Your work is very fun and playful. Would you say that it reflects your personality?
I guess. I think a lot of the time you're giving a piece of yourself through your artwork so it does represent you in a way. I'm sure some people would say I'm not as fun as my drawings, but I guess so, otherwise I wouldn't be doing what I do.
What inspires you?
Anything really. I've got a ton of books. Living in London, you've always got endless exhibitions, galleries and stuff to see. I've always got a ton of files that I save online. You don't want to limit yourself to just a few things. Anything can catch your eye and inspire you and somehow influence your work.
Your illustrations often feel quite trippy. Have you ever experimented with psychedelics or microdosing for your creativity and mental health?
I have, but not necessarily for working. I think when I was a teenager I tried and it wasn't very productive. It was just the usual experimenting with friends. I went to Mexico with my partner a few years ago and we went on the top of a mountain with mushrooms and that was a very spiritual experience and really enjoyable.
Your work also has a lightness and humour to it. Why do you think it's important to keep that humour, especially when the world can feel quite heavy sometimes?
Like I said, my work isn't the deepest, so I think humour and enjoyment is key. The world can be a miserable, stressful place so if anyone gets enjoyment out of my work, then that's brilliant.
What do you do to unwind and de-stress?
Whenever we get the chance, my partner and I just crash on the sofa. We watch films or go for walks. Introducing nature to our daughter has been really enjoyable. She's really embraced it, getting her hands dirty and looking at all the insects and bugs. Taking in nature is always a good thing for anyone.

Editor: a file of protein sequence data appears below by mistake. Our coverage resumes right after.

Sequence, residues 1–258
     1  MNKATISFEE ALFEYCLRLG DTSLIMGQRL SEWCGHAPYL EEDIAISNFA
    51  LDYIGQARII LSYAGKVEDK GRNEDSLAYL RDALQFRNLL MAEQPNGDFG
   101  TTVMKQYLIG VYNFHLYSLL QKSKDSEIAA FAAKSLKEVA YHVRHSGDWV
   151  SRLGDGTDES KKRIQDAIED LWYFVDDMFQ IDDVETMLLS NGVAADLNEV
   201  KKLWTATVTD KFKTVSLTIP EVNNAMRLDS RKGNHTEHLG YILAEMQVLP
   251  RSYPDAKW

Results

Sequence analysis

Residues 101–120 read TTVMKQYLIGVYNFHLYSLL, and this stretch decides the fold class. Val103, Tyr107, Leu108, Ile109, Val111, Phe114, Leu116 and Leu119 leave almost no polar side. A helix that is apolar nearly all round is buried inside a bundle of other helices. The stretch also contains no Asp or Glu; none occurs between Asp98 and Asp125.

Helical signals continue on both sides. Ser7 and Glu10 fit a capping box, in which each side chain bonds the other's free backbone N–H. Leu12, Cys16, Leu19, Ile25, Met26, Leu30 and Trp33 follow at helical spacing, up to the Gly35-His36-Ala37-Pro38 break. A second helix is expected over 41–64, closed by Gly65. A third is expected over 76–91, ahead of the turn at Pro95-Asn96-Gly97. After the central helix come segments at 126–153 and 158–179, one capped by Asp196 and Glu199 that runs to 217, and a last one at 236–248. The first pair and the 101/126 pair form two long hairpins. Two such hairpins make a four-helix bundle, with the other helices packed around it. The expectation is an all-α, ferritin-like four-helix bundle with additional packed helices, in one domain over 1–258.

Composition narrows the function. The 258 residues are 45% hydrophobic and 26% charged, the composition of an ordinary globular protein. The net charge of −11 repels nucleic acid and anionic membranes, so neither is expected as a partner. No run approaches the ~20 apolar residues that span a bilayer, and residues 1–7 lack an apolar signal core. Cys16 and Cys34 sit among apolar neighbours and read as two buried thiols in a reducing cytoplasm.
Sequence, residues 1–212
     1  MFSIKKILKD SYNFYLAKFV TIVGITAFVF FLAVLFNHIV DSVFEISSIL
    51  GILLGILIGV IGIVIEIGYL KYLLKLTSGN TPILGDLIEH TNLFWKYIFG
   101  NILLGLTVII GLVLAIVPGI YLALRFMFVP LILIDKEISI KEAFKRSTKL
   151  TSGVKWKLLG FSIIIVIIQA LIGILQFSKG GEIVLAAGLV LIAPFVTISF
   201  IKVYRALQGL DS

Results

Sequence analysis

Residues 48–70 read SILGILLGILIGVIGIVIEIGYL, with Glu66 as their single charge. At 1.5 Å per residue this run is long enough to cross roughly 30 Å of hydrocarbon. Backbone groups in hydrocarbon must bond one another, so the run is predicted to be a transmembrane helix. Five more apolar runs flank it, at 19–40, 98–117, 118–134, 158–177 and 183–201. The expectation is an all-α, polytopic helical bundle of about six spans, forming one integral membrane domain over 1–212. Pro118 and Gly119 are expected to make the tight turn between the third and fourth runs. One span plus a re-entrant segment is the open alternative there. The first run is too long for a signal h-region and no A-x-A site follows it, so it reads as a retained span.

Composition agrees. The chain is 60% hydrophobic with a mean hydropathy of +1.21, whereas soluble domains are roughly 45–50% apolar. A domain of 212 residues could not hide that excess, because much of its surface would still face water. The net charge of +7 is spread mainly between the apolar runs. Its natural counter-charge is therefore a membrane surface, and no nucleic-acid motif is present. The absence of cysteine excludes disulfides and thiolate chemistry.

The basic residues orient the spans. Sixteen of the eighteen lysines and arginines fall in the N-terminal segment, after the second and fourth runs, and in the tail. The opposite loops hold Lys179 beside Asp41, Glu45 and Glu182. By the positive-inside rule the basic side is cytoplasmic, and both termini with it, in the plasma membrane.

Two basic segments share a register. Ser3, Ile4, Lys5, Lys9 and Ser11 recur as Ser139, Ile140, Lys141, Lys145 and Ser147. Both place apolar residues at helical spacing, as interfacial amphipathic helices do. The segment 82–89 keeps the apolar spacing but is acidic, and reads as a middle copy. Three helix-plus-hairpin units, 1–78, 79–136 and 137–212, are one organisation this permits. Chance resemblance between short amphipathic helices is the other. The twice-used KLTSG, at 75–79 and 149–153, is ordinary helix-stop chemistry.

How do you get over creative blocks?
I don't force it. If you feel you're a bit of a rut or you're struggling then you’re probably best going for a walk or doing something else because maybe your brain isn't in the right space. So do something else. Relax your brain. Engage in something that you're actually interested in at that time, and then maybe come back to it the next day or whenever.
When do you feel most creative?
I think when I wake up because when I'm asleep or trying to get to sleep, my brain is whirring around and I've got things going on in my head. When I wake up, I've usually got a few things that are fresh in my mind that I want to put down.
What advice do you have for emerging artists today?
Just do what you want to do. Don't be scared to make mistakes, always experiment, because that's the only way you're going to learn. Ultimately, you're always going to be your biggest critic, so push yourself. If you can do this as a career, it's a great thing because I love drawing pictures and I'm very lucky that I can do this.